Image by 🇸🇮 Janko Ferlič



A video recording of the session and the PPT used therein are available on request. Please write to us at for the same.


In the second session of the Beyond the Textbook series, Medhavi Gandhi brings us avenues to encourage students to reflect on the practices, languages and creative legacies of the Indian subcontinent through analysis of a selection of objects from the Partition Museum in Amritsar. This segment hopes to help students draw cross-cultural connections, recognize the important ways in which our pasts have contributed to a rich diversity and to bring in the question of Identity and how it can be impacted by experiences of migration, whether our own or our preceding generations'.

Along with the recording, here, we share a few ideas on classroom activities based on sections of her talk. However, for an in-depth understanding we recommend watching the video recordings of her sessions before implementing any of these in the classroom.


Is Language Secular?

Celebrated on both sides of the border, Mirza Asadullah Baig Khan, also known by the pen names Ghalib and Asad, is a cultural icon who lived much before the Partition happened. Yet, his poetry remains as relevant today as it was when he wrote it.

Ghalib started writing poetry at the age of 11. Urdu was his primary language, but Persian and Turkish were also spoken at home. His education was in Persian and Arabic. At the time Hindi and Urdu were synonyms, unlike today. Ghalib wrote in Perso-Arabic script which is used to write modern Urdu, but often called his language ‘Hindi’.

Reading Ghalib’s poetry you realise that language has no religion and that understanding Urdu does not necessarily need you to be a Muslim. His was a language of Delhi.

Portrait of Ghalib, artist unknown. Sourced from Wikimedia Commons.

[In Delhi] Urdu really developed as a result of Persian, Turkish, Dari and Pashto interacting with other local dialects like Braj, Mewati, Haryanvi, Punjabi, Rohelkhandi, Bundelkhandi, Malwi and other indigenous languages that gave way to a certain kind of Urdu. The Urdu in Lahore—a lot of authors who have studied Partition have also shared that Urdu in Lahore today is much more heavier than it was in Delhi at that point in time. It was much more refined. Some words for example have got completely lost.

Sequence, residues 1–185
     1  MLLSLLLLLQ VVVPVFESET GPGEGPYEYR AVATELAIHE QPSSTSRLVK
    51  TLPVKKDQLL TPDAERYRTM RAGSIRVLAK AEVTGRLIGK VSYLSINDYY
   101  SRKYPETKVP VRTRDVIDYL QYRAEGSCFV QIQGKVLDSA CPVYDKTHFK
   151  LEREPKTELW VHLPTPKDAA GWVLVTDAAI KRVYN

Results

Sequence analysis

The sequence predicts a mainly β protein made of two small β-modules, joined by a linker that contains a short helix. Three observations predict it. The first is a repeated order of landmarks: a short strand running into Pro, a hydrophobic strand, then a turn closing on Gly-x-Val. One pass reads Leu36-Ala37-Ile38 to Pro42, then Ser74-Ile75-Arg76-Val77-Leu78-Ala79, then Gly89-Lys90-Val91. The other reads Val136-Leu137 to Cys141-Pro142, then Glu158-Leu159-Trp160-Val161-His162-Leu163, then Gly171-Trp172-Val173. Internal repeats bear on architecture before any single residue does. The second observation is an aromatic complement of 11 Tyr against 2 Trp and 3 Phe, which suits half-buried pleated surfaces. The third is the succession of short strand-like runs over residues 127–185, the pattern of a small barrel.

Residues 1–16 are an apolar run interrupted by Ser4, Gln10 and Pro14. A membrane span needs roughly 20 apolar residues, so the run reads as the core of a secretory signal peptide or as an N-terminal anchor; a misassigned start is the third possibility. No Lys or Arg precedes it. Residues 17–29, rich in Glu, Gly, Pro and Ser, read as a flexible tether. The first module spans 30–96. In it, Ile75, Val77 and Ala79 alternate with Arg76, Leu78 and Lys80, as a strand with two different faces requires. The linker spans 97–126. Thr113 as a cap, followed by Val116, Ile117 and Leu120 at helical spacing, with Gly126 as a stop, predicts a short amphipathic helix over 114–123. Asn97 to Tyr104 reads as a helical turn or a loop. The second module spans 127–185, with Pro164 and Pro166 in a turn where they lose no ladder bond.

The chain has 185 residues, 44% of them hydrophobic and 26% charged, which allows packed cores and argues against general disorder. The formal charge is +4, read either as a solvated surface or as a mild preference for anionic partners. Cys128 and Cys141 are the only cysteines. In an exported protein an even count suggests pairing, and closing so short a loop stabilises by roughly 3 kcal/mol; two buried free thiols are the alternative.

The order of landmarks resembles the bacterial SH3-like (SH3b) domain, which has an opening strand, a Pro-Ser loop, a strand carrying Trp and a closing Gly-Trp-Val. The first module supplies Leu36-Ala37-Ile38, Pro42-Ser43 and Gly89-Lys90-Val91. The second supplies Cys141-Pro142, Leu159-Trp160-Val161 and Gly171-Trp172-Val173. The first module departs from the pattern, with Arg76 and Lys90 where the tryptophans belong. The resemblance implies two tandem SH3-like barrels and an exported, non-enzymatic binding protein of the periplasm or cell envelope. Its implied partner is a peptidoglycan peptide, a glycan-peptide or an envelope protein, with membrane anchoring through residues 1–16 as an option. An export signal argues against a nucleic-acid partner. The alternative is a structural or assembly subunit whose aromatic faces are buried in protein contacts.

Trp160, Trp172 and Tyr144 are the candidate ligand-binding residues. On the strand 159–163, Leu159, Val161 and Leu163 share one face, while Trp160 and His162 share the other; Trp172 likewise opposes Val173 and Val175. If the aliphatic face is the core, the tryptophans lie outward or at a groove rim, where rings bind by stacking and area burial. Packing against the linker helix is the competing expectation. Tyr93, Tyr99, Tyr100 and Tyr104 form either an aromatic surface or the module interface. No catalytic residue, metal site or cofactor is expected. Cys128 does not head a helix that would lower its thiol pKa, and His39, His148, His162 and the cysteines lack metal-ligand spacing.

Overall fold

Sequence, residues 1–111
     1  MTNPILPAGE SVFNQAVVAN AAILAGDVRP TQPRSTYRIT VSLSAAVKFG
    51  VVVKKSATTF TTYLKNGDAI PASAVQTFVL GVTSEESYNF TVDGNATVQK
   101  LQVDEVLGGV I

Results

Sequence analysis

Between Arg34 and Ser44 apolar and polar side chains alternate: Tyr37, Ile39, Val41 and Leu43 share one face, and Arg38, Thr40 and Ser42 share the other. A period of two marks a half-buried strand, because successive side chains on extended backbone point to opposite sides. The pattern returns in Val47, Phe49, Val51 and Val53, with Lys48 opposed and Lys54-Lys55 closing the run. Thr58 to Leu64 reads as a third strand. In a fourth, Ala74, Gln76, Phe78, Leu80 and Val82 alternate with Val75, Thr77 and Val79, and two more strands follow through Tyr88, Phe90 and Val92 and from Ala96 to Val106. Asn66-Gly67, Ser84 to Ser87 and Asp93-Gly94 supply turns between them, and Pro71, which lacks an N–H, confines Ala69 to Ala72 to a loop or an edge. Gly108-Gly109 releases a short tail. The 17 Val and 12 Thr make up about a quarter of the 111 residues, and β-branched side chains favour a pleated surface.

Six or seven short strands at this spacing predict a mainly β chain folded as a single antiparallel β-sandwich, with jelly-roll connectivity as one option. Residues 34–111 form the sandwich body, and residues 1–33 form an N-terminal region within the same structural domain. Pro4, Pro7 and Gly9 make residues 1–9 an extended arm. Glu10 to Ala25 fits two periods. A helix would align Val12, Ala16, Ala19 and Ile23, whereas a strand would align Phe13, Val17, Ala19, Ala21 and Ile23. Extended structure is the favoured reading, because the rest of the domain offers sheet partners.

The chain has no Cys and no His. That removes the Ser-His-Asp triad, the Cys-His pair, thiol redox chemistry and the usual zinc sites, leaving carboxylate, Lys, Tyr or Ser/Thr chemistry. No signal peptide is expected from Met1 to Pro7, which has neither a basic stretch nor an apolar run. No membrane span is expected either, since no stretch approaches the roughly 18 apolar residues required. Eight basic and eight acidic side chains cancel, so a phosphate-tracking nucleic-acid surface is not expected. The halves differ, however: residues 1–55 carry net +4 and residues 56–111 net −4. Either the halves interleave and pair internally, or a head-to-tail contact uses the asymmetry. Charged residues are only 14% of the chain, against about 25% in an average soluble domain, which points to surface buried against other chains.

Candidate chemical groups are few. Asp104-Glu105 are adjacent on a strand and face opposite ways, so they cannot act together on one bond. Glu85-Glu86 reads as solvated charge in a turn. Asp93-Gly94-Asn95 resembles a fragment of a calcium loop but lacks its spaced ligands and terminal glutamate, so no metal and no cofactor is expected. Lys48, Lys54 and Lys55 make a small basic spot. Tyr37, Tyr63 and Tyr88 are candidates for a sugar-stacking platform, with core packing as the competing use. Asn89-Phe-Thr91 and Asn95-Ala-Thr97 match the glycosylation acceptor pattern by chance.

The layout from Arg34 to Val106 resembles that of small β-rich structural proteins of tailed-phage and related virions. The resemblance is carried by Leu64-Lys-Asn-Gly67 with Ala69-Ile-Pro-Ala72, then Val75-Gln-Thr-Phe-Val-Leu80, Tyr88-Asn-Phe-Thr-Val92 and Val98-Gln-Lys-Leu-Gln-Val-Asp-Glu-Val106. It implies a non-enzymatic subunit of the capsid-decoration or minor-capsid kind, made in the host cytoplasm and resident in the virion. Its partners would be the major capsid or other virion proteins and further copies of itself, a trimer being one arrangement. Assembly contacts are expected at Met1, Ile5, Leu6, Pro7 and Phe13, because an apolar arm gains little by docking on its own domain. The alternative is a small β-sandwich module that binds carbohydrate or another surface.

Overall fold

The idea that we come to is that with the Partition, the culture of Delhi starts to get overshadowed with the newer sensibilities that are coming in. And this is the tricky part. How do we recognise those? How do we recognise the change that comes in slowly, whether it was in food, the dressing or language? Slowly, our culture starts to change and we come to the big question—how does modernity accept tradition. How is society shaping with the new beliefs, the new shifts, and what factors influence identities in this changing scenario?

-Medhavi Gandhi

His works help us explore the link between language and identity.


I. What do you know of the poet Ghalib?

Divide the class in groups and assign each group one of the following categories to research:

  • Ghalib’s ancestry

  • Important milestones in his life

  • Most well-known writings

  • Political and religious beliefs

  • His contemporaries

  • Legacy on both sides of the border [how is he remembered in India and Pakistan: commemorations/monuments/publications etc.]

II. What do you understand from ‘Hindi’ and ‘Urdu’? Are these languages unchanged from what they were 150 years ago? Find out.

III. Share the following list of words with your students and ask them to identify which language/s they belong to:

Click here to download the table in Word format.

IV. Identify Urdu words from contemporary Bollywood songs and make a list. Attempt to use this list of Urdu words in a conversation.

V. Ask students to read the following poems by Ghalib, both in Urdu [Roman Script] and in English translation. Is there a difference in their listening experience?

Hazaaron khwaahishein aisi ki har khwaahish pe dum nikle,

bohot nikle mere armaan, lekin phirbhi kam nikle.

‘I have a thousand desires, all desires worth dying for, though many of my desires were fulfilled, majority remain unfulfilled.’

Dil-e-Naddan tujhe hua kyahai? Aakhir is dard ki dawa kya hai?

‘Oh naive heart, what has happened to you? What is

the cure for this pain, after all?’

Allah Allah Dilli Na Rahi, Chavni Hai, Na qila, nashaher,

na bazar, na nahar; Qissa mukhtasar – shahar Sahra ho gaya...

‘Oh Lord! Delhi turns into a cantonment, devoid of

cities, markets, rivers and forts.’

matā-e-lauh-o-qalamchhin-gai to kyāghamhai

kekhun-e-dil men dubo-li hainungliyān main-ne

zabānpemuhrlagihai to kyā, kerakh-di hai

harekhalqa-e-zanjir men zubān main-ne

‘Why bother that the tablet and the pen are seized?

I have dipped the fingers in my heart’s blood.

Why bother that the tongue has been silenced?

I have placed my tongue in each of the fetters’ rings.’


The Muraqqa-i-Chughtai is part of the collection of the Partition Museum. Published in 1927, Muraqqa-i-Chughtai is an album of paintings that visualise Ghalib’s poetry.